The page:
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From exaltation to rejection

From exaltation to rejection

Palm Sunday of the Lord’s Passion, Year A (Matt 26:14-27:66)
Alay Kapwa Sunday, April 9, 2017

By Fr. Sal Putzu, SDB

AS Jesus decided to move toward Jerusalem one week before the Passover celebration, his disciples were jubilant. And when both the people of Jerusalem and the many thousands of pilgrims joined hands in giving the prophet from Nazareth an enthusiastic reception, the disciples felt sure that finally Jesus was going to openly proclaim that he was the awaited Messiah, and that he would have been crowned king of Israel.

But in Jesus’ mind, the decision to enter Jerusalem in such an “official” manner had a very different aim. He had a better Kingdom to proclaim and establish than a temporal reign. His mission was to dethrone Satan, and to establish the sovereignty of God in the hearts of all. Jesus knew that the moment had come for the fulfillment of the most important stage in the Father’s plan: the redemption of sinful mankind through his sacrificial death.

He was fully aware of the very high price he would have to pay. Yet, he did not back off. On the contrary, he took the decisive step of entering the Holy City in such a provocative manner, as a sign of his determination to do the Father’s will. The following days, he would already be lashing not at the Romans, but at the hypocrisy of the religious leaders. (See for instance, Mt 23.)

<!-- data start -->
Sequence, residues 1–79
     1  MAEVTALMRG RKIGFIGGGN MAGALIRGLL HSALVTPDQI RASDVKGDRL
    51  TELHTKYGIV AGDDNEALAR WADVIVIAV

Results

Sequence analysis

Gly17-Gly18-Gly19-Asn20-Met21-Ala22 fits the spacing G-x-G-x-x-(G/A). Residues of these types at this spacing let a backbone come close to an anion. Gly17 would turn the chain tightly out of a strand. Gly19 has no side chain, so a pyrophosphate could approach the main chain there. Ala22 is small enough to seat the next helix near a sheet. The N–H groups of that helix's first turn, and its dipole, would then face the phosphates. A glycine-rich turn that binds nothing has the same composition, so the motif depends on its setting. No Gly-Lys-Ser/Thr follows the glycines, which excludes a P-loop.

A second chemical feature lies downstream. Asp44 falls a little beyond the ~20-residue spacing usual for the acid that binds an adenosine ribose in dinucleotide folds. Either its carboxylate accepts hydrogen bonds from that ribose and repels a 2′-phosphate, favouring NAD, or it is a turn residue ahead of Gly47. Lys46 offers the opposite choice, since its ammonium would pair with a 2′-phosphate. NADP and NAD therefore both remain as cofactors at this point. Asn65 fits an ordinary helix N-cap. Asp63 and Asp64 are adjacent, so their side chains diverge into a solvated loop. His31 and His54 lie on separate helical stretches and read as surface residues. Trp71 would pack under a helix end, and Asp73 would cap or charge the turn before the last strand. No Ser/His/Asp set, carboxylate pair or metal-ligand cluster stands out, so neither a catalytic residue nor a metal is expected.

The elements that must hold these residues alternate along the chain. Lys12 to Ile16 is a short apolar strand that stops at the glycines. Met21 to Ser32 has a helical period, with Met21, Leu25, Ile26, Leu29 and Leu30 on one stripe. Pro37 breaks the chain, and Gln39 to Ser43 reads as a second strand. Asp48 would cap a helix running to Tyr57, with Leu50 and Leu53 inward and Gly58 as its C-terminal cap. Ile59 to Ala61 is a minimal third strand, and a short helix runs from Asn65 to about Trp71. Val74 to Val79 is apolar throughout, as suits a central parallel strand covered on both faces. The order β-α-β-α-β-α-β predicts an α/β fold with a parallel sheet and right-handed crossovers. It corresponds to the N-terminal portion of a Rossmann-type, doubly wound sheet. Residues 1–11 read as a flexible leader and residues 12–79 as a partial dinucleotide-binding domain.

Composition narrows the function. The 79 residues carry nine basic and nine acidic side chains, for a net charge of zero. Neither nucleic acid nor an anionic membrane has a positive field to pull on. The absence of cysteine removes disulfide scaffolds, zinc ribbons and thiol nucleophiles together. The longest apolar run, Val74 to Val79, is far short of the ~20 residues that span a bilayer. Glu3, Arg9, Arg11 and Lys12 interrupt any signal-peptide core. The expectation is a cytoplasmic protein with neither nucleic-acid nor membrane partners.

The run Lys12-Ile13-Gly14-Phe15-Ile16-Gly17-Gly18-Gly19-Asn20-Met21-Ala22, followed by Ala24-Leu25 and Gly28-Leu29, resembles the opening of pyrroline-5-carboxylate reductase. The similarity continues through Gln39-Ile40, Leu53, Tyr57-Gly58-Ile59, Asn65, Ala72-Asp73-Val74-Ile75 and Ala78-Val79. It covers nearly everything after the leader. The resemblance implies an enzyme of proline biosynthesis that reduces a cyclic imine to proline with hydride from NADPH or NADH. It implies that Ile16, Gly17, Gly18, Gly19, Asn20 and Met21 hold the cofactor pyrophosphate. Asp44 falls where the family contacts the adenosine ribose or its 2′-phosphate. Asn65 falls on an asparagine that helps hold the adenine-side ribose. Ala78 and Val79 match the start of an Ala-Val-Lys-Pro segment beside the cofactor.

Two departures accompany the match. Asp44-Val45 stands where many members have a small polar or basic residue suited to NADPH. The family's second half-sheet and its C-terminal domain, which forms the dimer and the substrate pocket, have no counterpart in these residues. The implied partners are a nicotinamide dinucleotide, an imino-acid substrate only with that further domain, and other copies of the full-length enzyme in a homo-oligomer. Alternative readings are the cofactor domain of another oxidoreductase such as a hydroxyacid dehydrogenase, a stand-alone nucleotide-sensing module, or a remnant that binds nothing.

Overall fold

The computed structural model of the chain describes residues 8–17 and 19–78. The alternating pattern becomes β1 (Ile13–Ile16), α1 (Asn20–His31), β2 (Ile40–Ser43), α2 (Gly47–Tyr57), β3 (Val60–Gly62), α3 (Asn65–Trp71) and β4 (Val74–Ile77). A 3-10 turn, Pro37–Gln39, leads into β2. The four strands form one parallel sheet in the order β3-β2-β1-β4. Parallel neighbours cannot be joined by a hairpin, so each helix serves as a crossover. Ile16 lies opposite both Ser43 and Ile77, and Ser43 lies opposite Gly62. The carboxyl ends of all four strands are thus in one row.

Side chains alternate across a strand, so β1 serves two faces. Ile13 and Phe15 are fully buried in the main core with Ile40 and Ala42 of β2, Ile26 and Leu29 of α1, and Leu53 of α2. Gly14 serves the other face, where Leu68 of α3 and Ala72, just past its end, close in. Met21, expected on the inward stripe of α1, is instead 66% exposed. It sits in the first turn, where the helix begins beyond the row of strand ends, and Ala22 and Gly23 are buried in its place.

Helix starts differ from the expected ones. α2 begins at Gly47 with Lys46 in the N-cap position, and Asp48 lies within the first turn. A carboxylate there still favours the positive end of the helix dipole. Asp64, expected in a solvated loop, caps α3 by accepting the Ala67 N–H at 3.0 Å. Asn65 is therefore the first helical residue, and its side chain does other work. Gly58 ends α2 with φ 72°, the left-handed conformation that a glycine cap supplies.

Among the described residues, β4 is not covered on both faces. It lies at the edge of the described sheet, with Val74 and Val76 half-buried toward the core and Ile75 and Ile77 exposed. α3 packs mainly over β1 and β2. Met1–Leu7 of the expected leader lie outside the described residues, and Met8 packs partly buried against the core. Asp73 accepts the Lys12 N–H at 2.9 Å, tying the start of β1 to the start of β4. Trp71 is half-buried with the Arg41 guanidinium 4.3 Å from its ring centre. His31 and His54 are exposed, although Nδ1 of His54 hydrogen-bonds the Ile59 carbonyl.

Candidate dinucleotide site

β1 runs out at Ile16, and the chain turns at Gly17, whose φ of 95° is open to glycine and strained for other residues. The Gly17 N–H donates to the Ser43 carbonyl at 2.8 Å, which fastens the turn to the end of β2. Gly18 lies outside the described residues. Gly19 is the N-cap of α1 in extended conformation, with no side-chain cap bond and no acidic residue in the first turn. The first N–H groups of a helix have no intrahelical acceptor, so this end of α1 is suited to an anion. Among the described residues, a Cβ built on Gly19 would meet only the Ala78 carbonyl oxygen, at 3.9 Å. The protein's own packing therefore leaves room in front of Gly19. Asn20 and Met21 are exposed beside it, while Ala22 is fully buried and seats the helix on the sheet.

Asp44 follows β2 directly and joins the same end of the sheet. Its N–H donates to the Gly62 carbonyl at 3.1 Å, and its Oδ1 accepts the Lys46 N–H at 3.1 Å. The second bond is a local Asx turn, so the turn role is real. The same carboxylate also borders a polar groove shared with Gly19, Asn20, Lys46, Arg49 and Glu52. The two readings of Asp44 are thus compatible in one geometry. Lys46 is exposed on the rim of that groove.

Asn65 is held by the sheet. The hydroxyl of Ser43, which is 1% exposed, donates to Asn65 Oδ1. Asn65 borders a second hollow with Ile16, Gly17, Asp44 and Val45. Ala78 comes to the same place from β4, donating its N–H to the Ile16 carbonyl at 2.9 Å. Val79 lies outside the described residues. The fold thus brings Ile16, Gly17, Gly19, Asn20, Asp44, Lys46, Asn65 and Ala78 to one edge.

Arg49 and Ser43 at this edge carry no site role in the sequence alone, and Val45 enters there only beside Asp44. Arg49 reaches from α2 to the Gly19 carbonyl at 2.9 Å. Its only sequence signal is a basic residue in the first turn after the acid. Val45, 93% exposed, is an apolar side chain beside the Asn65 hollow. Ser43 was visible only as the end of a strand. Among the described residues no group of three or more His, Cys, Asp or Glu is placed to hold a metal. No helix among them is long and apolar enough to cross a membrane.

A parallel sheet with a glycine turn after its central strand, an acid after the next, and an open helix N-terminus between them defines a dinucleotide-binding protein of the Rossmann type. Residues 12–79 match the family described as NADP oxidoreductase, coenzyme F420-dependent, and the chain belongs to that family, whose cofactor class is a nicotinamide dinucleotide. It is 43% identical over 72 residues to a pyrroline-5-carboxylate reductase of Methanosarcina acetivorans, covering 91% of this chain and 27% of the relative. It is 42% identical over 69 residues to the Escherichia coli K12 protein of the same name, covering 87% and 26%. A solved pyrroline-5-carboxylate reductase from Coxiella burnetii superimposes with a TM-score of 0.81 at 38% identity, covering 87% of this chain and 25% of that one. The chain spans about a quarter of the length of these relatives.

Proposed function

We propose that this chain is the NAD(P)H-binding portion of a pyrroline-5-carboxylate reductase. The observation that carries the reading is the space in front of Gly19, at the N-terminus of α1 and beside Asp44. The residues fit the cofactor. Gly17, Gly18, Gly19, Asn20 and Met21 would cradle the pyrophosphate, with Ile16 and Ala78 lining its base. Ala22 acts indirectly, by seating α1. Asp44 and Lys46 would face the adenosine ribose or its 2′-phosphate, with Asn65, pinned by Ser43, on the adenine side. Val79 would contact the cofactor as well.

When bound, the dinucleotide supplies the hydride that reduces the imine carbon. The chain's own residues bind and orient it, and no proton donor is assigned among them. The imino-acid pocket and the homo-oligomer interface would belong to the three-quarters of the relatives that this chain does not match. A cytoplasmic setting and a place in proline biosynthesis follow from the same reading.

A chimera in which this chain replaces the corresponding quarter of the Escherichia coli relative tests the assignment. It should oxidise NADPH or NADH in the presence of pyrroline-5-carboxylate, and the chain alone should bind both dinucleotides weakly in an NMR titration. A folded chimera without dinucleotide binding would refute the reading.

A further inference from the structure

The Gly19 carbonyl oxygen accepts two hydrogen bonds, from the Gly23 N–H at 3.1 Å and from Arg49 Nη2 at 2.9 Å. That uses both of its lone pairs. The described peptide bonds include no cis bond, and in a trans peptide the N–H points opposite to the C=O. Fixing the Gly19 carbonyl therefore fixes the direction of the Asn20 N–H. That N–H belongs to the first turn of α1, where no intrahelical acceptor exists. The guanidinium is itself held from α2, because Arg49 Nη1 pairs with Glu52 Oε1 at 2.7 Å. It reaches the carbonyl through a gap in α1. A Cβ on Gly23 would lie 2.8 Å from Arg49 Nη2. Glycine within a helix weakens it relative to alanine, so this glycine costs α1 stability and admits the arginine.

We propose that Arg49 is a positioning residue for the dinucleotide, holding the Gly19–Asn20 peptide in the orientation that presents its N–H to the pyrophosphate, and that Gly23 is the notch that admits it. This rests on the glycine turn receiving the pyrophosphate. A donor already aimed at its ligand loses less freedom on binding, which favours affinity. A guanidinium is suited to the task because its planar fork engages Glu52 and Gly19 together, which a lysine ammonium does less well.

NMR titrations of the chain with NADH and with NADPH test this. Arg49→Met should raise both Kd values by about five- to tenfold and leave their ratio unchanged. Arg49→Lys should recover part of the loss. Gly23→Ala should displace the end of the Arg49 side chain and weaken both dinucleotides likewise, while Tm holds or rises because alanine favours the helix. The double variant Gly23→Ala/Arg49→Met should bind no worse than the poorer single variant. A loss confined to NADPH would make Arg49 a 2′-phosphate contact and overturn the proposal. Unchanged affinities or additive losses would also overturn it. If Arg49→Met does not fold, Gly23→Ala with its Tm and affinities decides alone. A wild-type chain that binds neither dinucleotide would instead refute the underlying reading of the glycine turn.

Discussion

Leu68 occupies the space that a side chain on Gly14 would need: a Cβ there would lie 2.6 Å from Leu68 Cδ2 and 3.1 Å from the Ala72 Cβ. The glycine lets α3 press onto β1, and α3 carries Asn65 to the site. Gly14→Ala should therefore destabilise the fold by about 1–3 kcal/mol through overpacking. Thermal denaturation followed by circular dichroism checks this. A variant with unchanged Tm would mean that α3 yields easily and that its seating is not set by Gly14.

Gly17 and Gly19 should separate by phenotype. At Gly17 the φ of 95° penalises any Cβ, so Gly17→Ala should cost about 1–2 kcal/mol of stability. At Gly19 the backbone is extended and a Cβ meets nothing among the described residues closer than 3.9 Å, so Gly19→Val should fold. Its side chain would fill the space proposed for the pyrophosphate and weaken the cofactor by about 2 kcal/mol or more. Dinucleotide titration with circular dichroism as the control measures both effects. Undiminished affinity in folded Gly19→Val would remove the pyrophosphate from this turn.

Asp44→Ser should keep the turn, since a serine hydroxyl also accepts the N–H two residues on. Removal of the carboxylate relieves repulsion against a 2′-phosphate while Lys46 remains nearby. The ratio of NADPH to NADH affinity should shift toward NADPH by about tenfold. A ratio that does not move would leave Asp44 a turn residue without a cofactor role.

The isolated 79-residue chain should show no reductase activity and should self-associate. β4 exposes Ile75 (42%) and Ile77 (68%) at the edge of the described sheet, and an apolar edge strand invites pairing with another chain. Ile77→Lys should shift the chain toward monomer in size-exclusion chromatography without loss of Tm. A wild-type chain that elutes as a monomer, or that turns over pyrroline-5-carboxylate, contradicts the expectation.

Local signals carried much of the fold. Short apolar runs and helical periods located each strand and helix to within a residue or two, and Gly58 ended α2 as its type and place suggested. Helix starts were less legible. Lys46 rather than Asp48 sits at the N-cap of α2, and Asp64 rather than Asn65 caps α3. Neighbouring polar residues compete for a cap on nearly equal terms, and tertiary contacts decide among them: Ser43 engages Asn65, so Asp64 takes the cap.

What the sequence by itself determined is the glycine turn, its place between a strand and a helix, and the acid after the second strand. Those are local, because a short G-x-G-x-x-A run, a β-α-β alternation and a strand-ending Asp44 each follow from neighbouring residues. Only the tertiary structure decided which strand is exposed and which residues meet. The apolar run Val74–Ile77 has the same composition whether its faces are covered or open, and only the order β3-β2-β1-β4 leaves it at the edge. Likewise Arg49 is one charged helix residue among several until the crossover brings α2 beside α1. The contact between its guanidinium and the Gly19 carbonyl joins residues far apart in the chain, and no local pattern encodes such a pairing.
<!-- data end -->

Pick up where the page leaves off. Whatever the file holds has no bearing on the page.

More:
Clearly, Jesus was not trying to be popular with the “authorities” who could have supported his bid for power. Like in the episode of the temptation in the desert, he preferred to be the Messiah of God, rather than the temporal messiah expected by people who have no time for a “spiritual kingdom.” He chose to be the humble servant of all, rather than a victorious and arrogant king of this world. (See Mt 20:26-27 and Lk 22:26.)

Such an attitude could not meet the approval of glory-minded and power-addicted people like Judas and those cast in the same mould. Feeling disillusioned, they rejected Jesus disdainfully, as a “useless messiah.”

Jesus’ determination to remain faithful to God’s plan turned the tide against him. It turned the crowds against him, especially through the crafty manipulation orchestrated by the Jewish authorities. That was how the joyful shouts of “Hosanna!” turned into a thunderous demand that Jesus be crucified; the gentle palm branches waved in welcome turned into the merciless scourges that plowed his body, and into the nails that pierced his hands and feet.

What about us? Shall we shut him out of our lives as a “disappointing messiah,” or shall we accept him as the embodiment of right priorities, and as the only bearer of God’s salvation? The first choice would associate us with Judas and the likes of him. The second choice would place us among those who open their hearts in gratitude to Christ as their Lord and Savior. With this second option we would declare our readiness to stand by him to the very end, no matter what the cost. This is the “JESUS OPTION.”